Coarse and game anglers go to war


The North-East’s coarse anglers are calling for more protection from the Environment Agency after a series of confrontations with game anglers.

Proposals in the new Marine Bill to stop anglers removing rod-caught coarse fish have reignited an age-old battle between the two factions, with recent meetings to discuss the forthcoming law changes descending into near chaos.

The North-East is traditionally a game fishing stronghold, where coarse anglers claim barbel and pike are regularly thrown up the bank to die by fly fishermen concerned only with salmon and trout.

Under the new proposals, such barbaric practices would be outlawed, but large sections of the game fishing community are reported to be reluctant to take the changes on board.

John Hepworth, secretary of Durham City AC, attended a recent regional fisheries forum, organised by the EA, where the two groups came face to face.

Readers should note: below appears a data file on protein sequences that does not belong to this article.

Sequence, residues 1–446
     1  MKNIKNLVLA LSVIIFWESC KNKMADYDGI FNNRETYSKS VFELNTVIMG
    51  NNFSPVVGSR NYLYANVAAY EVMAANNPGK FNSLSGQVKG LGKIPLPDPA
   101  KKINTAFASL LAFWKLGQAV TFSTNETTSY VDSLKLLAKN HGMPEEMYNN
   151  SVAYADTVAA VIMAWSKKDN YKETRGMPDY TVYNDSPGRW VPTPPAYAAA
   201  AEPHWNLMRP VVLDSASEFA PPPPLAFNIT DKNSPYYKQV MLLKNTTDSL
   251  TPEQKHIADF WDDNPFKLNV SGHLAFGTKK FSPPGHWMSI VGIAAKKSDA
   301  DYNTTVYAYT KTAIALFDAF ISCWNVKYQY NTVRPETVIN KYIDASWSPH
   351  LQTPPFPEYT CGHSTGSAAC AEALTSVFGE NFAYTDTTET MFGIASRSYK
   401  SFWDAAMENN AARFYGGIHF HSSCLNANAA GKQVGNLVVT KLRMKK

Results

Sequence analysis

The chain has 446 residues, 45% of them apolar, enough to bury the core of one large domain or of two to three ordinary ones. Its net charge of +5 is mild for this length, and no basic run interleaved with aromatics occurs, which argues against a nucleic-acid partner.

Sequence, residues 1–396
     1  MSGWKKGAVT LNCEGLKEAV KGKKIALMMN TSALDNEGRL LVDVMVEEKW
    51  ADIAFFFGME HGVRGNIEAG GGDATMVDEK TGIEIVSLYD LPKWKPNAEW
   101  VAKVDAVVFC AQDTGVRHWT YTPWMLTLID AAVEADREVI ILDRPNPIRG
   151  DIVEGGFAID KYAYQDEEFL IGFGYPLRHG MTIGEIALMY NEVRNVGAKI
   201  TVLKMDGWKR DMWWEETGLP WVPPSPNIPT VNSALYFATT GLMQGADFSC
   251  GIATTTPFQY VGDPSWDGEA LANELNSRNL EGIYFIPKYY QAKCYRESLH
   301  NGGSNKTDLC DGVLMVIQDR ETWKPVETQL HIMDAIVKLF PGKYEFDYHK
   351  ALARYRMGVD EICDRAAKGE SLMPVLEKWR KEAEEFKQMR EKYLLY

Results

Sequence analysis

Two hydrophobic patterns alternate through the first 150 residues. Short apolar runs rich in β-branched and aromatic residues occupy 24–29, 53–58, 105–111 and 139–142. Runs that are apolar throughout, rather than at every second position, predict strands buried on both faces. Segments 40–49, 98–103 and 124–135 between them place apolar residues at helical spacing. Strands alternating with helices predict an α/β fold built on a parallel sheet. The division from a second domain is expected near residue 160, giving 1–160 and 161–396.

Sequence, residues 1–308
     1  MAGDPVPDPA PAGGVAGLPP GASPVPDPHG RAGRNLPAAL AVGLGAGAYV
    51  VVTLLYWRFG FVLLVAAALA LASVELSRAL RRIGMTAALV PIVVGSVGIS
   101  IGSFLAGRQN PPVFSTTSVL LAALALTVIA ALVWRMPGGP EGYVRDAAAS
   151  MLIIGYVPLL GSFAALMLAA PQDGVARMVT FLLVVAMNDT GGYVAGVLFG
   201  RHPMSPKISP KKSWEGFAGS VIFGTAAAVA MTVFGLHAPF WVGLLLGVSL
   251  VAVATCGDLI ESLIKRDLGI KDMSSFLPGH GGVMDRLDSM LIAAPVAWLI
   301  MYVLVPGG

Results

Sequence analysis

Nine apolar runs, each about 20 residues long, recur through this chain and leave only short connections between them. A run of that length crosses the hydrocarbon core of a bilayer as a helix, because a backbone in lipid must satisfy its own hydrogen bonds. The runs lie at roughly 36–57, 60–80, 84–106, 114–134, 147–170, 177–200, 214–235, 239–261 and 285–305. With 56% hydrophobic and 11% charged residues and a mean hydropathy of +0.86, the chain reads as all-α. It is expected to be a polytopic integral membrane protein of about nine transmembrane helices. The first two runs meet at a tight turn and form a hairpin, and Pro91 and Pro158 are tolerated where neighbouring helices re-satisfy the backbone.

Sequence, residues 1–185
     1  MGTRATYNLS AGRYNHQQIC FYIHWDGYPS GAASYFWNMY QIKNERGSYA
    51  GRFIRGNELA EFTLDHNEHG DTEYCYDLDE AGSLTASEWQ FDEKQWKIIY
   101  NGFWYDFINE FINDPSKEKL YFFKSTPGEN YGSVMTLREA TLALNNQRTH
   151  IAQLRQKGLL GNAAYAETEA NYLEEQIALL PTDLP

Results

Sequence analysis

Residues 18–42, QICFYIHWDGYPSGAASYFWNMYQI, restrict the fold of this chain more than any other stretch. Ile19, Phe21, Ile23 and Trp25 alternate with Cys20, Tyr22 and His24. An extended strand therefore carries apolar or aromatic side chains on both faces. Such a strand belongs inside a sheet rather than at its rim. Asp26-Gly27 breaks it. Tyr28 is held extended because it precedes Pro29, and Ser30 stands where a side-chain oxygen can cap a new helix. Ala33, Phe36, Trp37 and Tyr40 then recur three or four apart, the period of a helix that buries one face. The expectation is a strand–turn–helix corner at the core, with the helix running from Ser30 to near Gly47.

“When the EA revealed the proposed byelaws for protecting coarse fish, it almost caused heart attacks among the game anglers present,” he said.

“Game anglers routinely kill barbel on the Wear and there are even rules banning the use of fixed spool reels on the River Derwent. It’s madness - we need help from the EA. The fisheries guys on the ground are great, but they’re lions led by donkeys,” he added.

In recent years, coarse anglers have reported dozens of ugly clashes with game anglers who, they feel, show a lack of respect for coarse stocks and anglers from other disciplines.

“Our tickets cost less than theirs and as a result game anglers often behave as though they have more right to be fishing the river than us,” said local specimen angler and British dace record holder Simon Ashton.

However, representatives of the local game angling community contacted by Angling Times refused to acknowledge there was a large-scale problem in the North-East, claiming minor isolated confrontations have been blown out of proportion.

“I believe that there is minimal conflict, but a few incidents can paint the wrong picture,” said Trout & Salmon Association regional chairman Chris Noble.

“It isn’t unusual for various factions to complain they’re not getting fair treatment but, in the main, I think the EA maintains a good balance. I’m in a mixed discipline club and we all manage to get along,” he added.